Contrary to the principle of the ‘decisive moment’ that has dominated the understanding of photography, a photographer just isn’t aware of the full image as it is taken. To describe the process, you force yourself into a situation in order to get the shot, you’re experiencing a crescendo of heightened awareness, pushing and manipulating, doing whatever is necessary to balance circumstances; lighting, relationships with the sitter, whatever it is. Finally, you sense a whole bunch of energy flows converging, which is almost like a melody becoming pitch perfect. You respond much quicker than you ever thought you could, but the shutter goes down and flash goes off in response to the moment prior to capture. The moment documented is not the moment that you see, therefore, it is the moment that you don’t see.
Unfortunately photography has recently been held to trial for its lack of representation of reality. My own view is that photography never lied but neither did it set out to tell the truth. It said “You know nothing of this situation. I’ll give you some of my thoughts on it”. A far more crucial issue is that photographers have some moral responsibility for what they show us. Visual imagery is a very powerful medium of expression and some image-makers are guilty of firing it recklessly, like a gun, without looking at the impact of what they are doing. In a culture that can be so rich, we are so poor with our imagery. There is a whole range of people that just aren’t included in our visual representation of beauty; excluded for their size, individuality, health, ethnicity or sexuality. I believe it is our duty to use our images to acknowledge that the parameters we set for our image of society are too narrow and reflect that these people have every right to be held up in adoration along with everybody else.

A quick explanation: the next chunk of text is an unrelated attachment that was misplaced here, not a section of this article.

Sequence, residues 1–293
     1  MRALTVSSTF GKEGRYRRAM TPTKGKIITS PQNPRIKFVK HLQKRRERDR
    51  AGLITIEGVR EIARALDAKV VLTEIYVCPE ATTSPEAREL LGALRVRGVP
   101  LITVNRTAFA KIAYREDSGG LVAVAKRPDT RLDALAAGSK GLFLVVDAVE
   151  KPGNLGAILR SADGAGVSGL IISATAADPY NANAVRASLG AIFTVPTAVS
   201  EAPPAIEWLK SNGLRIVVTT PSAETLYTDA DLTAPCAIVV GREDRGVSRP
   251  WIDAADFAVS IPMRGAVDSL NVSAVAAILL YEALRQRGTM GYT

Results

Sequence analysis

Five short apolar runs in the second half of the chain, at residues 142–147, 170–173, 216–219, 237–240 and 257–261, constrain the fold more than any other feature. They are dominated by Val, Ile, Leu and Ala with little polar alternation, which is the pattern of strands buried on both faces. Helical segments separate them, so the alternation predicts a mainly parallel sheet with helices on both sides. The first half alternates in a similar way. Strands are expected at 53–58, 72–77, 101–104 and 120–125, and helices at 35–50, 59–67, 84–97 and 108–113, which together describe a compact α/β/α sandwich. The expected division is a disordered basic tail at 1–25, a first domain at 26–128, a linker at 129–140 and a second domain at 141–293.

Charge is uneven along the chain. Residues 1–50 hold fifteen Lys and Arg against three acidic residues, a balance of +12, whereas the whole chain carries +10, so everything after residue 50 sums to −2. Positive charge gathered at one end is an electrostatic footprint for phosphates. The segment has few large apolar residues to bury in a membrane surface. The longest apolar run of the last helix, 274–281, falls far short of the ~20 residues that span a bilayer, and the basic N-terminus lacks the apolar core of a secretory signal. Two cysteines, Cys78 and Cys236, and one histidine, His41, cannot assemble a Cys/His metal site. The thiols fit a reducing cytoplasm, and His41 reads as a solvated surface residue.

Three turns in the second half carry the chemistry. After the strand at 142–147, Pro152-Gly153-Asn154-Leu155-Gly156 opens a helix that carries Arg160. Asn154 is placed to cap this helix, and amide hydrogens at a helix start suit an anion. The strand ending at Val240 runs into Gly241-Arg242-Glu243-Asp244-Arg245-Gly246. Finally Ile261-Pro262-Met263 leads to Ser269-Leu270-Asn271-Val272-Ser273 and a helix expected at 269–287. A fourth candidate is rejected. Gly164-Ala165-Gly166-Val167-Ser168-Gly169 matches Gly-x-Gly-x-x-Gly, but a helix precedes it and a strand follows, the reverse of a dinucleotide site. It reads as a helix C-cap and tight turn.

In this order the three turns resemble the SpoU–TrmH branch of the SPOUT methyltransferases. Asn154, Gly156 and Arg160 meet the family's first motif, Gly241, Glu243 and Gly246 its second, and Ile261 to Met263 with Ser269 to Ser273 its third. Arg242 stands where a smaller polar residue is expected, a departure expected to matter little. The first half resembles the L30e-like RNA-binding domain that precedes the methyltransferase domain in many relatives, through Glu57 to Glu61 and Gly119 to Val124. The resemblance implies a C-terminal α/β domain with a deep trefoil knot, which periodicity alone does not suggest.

It is useful for all photographers to be shown that they are completely capable of screwing up. On any shoot, the first pictures that come out are almost certainly going to be a failure. Standing in front of someone who is supposedly meant to be the most beautiful woman in the world and then the initial Polaroids aren’t very good at all; that’s a reasonably humbling experience. It tends to force photographers into repeated patterns of behaviour, like: “last time I did it this way, or that works so by playing this music and using this lens, talking a particular way to the model or using that light etc. will achieve the same results”. Those confidence tricks aren’t ways of understanding what is happening in front of you, they are a ways of reassuring yourself. You should be metaphorically naked in front of your subject, out of your comfort zone and fighting for a new vision that you’ve never previously imagined. If you can see it already there is no point in taking the picture.